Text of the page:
Latest reviews of new albums:
The Last Wife

A Vietnamese period drama, The Last Wife is about a young woman scorned as she is unable to bear her prominent husband a son, who starts an affair with her former lover. Scoring the film is the trio of Christopher Wong, Garrett Crosby and Ian Rees who have become prominent composers in Vietnamese cinema despite being American; several of their scores (and Wong’s solo efforts) have been released by MovieScore Media and I’ve yet to come across an unimpressive one. Each year there seems to be a real off-the-radar gem that deserves to break out and be heard by a wider audience and in 2023 I think this score is the one.

The album opens and closes with a beautiful ballad, the Vietnamese folk song “Bèo Dạt Mây Trôi”, sung by Thùy Chi in its initial form and given an orchestral arrangement by Wong for the end titles. Full of longing and emotion, it’s wonderful and – given the plot of the film – you might think is representative of what the score itself is going to be, but this is only true to some extent. In fact there is quite a wide range of dramatic style on offer as well as the expected romance – for instance the first score cue “Wedding Preparations” has a slightly comic air and features a welcome reminder of Thomas Newman’s more playful orchestral music, then there is a delightfully fluid theme introduced in “A New Day” which goes for (and achieves) the sort of joyful bounciness we hear from Rachel Portman when she’s scoring romantic dramas.

In “Love”, perhaps we do get to what is more the expected sound – here a simple piano solo conveys both beauty and sadness, a delicate balancing act which is handled very well. The theme from “A New Day” returns in disguised form in the initially much more melancholy “Running in the Rain”, and for a while the score alternates between gentle light-heartedness and more traditional romance – it’s mostly admirably delicate, very pretty music which is particularly easy to fall in love with. I adore “Old Memories” with its exquisite passage for harp.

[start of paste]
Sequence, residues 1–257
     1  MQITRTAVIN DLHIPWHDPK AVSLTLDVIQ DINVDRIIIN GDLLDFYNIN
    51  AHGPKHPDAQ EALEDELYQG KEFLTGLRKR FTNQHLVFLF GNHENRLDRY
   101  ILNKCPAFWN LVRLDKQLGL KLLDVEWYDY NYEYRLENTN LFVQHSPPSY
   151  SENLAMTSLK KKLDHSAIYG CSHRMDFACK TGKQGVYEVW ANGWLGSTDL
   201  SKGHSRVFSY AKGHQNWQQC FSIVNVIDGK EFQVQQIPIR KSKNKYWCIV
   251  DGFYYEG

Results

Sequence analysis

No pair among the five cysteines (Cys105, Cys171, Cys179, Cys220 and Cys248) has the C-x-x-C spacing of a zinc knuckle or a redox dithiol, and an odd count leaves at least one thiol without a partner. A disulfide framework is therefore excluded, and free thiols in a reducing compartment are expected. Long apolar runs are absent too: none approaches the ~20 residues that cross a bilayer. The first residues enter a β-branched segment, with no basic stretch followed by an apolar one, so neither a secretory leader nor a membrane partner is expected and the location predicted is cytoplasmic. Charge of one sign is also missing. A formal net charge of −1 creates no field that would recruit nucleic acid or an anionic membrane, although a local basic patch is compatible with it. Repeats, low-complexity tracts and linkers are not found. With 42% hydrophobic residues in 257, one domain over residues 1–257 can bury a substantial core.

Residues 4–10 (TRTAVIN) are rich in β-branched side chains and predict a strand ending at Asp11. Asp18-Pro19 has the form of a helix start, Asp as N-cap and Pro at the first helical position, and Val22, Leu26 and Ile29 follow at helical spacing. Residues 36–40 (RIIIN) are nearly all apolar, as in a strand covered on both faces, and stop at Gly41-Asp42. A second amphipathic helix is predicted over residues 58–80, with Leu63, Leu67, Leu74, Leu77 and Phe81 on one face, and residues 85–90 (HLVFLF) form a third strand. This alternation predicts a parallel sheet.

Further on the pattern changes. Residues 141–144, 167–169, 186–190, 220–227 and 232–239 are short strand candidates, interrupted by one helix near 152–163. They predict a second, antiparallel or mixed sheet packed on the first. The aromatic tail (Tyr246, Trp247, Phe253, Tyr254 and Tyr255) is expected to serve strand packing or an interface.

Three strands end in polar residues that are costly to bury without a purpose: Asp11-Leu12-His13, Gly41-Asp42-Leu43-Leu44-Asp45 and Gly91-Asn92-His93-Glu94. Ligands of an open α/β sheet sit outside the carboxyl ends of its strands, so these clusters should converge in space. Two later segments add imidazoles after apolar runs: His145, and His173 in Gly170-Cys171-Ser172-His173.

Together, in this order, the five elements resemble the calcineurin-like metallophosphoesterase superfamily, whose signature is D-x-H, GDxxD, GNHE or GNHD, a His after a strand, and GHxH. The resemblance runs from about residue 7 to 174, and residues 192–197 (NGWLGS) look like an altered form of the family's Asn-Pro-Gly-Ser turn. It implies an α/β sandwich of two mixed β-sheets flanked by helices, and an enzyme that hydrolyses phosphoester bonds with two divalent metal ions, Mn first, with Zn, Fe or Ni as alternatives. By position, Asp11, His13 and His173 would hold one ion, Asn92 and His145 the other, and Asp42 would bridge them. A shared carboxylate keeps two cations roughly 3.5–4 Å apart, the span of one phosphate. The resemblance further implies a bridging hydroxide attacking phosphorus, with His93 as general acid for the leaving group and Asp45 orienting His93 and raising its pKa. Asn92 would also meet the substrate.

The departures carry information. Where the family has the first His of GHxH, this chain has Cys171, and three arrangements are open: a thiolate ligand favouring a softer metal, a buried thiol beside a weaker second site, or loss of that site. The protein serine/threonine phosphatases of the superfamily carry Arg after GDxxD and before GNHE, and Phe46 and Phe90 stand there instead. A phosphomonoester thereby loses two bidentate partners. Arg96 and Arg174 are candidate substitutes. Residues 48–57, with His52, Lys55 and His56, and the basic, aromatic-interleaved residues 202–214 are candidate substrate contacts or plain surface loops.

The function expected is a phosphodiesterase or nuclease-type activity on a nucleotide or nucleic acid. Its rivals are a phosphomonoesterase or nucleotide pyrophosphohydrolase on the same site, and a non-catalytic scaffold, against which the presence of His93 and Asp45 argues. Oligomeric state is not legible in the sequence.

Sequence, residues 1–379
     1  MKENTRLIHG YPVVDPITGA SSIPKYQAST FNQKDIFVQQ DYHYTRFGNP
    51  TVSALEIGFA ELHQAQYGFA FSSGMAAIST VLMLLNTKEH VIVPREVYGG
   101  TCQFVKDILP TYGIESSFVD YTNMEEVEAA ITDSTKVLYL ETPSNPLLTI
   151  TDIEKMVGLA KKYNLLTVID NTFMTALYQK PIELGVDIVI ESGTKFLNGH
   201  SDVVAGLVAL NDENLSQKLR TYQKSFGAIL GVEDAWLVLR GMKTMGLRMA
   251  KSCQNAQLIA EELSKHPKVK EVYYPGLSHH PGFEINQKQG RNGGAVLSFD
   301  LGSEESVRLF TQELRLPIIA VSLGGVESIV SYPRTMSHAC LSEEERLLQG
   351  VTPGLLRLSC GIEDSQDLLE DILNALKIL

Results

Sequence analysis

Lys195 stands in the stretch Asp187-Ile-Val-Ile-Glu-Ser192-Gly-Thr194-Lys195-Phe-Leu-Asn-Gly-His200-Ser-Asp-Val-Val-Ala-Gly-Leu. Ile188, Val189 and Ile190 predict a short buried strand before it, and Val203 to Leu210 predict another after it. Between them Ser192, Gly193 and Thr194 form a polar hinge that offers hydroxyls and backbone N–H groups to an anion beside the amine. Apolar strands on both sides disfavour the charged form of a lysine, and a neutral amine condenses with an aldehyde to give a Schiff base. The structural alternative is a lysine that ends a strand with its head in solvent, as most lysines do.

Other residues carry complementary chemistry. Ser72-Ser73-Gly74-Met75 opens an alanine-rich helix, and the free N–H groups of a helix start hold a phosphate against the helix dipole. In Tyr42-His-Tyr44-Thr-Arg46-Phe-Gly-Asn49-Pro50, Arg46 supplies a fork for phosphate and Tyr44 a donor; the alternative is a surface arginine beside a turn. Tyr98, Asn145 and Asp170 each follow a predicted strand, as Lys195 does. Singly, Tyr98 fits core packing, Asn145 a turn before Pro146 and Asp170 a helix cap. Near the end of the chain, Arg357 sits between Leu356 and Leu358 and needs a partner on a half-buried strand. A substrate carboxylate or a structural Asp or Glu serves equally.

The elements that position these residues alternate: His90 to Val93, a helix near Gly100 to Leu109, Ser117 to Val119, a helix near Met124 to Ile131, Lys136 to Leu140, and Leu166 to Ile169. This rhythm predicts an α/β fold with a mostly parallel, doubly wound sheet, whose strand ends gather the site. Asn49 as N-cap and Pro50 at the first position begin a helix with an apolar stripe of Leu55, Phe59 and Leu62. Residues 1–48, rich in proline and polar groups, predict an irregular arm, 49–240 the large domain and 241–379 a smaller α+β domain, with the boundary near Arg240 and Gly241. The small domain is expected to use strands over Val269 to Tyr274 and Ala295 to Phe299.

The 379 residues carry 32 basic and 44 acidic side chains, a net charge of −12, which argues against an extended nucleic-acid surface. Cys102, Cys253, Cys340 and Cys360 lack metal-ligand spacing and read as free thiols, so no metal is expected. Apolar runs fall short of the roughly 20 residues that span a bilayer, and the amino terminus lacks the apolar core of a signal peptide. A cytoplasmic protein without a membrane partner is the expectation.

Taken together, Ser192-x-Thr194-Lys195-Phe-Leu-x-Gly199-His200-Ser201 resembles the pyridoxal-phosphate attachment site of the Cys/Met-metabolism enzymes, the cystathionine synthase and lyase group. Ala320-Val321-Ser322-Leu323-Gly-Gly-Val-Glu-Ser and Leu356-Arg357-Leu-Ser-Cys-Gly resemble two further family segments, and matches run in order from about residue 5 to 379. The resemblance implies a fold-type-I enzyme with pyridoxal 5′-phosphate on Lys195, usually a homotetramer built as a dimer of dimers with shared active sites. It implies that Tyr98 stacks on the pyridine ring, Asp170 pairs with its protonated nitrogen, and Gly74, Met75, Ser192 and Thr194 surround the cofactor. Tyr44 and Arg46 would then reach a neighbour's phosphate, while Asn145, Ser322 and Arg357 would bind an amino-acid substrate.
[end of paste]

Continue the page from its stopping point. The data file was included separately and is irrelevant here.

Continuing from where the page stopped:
The score is mostly written for western symphony orchestra and soloists but there are dashes of local colour throughout and occasionally more overt forays into ethnic instrumentation, such as in the perkily percussive “The Feast”. As we enter the third act, the romance turns to tragedy and the music takes a correspondingly darker turn, mixing both heavy orchestral drama (such as the mournful “Cold Ground” and the portrait of desperation in “Guilt”) with straight-up action and suspense (“Axe Fight”, “Torture”, “Fire”). This change in style is handled well and is not jarring.

The score returns to orchestral beauty to close, with the two-part “Here With You” and then the “Epilogue” providing closure in a most moving manner. This is such a fine score – the three composers all have their own styles and even within that there is such a variety of moods on offer here, yet it all comes together in such a satisfying way. It’s one of my favourite new score albums of the year and comes highly recommended.

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  1. Ron Peach (Reply) on Saturday 17 February, 2024 at 17:29

    Great film and unbelievable beautiful music